Objective: Investigate if there are educational inequalities in causes of death considered amenable to health care in Norway and compare this with non-amenable causes.
Methods: The study used the concept of “amenable mortality”, which here includes 34 specific causes of death. A linked data file, with information from the Norwegian Causes of Death Registry and the Educational Registry was analyzed. The study population included the whole Norwegian population in two age groups of interest (25-49 and 50-74 years). Information on deaths was from the period 1990-2001. Education was recorded in 1990 and it was grouped in four categories as: basic, lower secondary, higher secondary and higher. In the study men and women were analysed seperately. The analysis was conducted for all amenable causes pooled with and without ischemic heart disease. A Cox proportional hazard regression model was fitted to estimate hazard rate ratios.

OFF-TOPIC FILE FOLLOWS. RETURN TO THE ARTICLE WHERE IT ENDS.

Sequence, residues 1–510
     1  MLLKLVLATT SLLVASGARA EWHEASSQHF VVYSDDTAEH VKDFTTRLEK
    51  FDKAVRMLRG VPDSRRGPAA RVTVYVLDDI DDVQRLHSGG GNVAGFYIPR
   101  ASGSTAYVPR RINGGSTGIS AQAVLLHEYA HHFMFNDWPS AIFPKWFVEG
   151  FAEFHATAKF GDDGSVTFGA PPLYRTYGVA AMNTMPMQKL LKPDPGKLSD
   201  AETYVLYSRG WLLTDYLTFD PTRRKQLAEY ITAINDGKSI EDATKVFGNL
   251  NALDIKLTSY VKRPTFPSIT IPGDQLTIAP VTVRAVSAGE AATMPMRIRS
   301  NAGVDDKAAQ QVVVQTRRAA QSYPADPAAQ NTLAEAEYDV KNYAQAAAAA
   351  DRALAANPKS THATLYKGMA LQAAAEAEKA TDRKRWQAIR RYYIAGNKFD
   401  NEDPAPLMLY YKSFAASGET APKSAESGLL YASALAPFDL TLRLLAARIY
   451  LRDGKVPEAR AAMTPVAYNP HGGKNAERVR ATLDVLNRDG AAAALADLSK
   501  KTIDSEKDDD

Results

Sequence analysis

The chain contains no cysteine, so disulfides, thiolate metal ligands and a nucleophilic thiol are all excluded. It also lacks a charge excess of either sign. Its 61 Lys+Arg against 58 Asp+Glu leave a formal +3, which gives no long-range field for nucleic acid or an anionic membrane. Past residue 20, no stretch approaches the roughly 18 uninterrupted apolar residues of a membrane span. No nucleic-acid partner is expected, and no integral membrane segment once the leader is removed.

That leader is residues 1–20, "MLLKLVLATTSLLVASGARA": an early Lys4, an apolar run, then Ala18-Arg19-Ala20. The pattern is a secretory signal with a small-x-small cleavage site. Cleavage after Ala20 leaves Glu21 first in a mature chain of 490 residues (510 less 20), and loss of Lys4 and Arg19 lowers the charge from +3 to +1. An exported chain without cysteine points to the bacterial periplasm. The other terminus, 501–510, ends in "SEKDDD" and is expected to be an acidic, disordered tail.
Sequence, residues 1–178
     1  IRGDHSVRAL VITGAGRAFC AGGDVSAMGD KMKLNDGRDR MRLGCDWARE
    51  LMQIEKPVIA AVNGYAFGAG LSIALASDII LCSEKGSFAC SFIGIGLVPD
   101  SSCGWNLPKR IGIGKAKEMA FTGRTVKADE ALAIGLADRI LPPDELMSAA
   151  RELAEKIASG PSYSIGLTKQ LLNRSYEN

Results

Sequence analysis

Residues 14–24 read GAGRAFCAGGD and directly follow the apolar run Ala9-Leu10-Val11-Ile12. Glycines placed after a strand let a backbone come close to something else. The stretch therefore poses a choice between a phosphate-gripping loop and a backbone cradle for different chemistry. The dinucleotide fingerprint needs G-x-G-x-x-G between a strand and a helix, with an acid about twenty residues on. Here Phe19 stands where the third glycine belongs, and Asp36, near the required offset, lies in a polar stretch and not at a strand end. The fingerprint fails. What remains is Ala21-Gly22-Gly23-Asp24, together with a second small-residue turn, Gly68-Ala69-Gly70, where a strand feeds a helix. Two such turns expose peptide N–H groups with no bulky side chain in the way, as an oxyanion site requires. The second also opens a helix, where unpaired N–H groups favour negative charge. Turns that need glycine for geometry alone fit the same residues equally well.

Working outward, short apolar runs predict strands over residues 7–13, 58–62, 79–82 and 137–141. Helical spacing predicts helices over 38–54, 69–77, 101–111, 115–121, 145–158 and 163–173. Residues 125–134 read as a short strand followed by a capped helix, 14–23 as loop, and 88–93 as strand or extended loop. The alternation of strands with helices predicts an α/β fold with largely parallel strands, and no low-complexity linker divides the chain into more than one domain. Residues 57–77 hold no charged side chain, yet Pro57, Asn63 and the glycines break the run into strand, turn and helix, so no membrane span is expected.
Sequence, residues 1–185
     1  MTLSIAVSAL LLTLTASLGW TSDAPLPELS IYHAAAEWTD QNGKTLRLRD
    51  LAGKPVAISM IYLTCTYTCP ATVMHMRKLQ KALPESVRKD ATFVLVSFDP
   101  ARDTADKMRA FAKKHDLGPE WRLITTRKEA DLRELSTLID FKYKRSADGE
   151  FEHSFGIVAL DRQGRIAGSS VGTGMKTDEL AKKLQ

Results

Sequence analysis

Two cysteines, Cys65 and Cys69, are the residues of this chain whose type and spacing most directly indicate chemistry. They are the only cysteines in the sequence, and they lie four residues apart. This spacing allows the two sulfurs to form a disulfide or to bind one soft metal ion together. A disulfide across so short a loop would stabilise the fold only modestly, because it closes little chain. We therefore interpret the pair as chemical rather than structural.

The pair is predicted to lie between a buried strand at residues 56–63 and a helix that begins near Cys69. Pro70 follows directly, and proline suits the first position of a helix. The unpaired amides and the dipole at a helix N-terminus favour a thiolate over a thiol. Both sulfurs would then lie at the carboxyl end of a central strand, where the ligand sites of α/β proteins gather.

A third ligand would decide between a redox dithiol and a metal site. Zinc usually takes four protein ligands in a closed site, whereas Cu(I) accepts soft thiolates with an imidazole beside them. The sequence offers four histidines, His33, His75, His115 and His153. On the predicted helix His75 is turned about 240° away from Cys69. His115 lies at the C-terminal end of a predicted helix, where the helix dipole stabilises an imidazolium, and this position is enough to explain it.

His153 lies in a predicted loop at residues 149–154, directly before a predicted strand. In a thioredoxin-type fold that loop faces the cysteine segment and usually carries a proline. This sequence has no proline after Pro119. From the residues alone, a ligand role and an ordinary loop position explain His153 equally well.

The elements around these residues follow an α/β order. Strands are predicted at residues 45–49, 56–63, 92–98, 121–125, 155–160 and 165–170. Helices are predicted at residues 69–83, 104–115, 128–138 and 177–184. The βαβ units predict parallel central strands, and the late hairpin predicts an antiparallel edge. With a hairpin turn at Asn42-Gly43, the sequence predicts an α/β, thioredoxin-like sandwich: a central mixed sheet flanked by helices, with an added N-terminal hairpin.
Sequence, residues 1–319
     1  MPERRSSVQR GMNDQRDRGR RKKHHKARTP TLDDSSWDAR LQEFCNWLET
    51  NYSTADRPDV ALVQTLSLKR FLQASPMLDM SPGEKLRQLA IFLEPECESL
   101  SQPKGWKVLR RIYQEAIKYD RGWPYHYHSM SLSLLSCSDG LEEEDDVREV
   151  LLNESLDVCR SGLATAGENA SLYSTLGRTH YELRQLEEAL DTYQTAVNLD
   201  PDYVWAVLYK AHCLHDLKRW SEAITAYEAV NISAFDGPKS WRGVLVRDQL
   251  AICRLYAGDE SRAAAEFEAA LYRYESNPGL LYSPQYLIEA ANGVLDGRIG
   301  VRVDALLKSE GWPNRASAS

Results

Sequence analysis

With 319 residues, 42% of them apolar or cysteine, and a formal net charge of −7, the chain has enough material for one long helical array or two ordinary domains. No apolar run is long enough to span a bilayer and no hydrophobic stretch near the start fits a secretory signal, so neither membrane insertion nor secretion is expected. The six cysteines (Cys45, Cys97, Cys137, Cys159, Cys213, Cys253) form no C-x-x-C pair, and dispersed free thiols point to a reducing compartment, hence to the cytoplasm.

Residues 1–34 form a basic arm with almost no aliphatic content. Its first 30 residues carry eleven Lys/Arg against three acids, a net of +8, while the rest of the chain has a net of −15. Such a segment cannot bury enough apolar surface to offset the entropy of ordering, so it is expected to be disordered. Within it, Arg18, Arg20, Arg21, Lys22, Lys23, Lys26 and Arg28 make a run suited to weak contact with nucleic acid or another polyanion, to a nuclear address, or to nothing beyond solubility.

Results: The study showed educational differences in mortality from causes of death considered amenable to health care, in both age groups and sexes. This was seen both when including and excluding ischemic heart disease. The effect sizes were comparable for amenable and non-amenable causes in both age groups and sexes.
Conclusions: This study revealed systematic higher risk of death in lower educational groups in causes of death considered amenable to health care. This indicates potential weaknesses in equitable provision of health care for the Norwegian population. Additional research is needed to identify domains within the health care system of particular concern.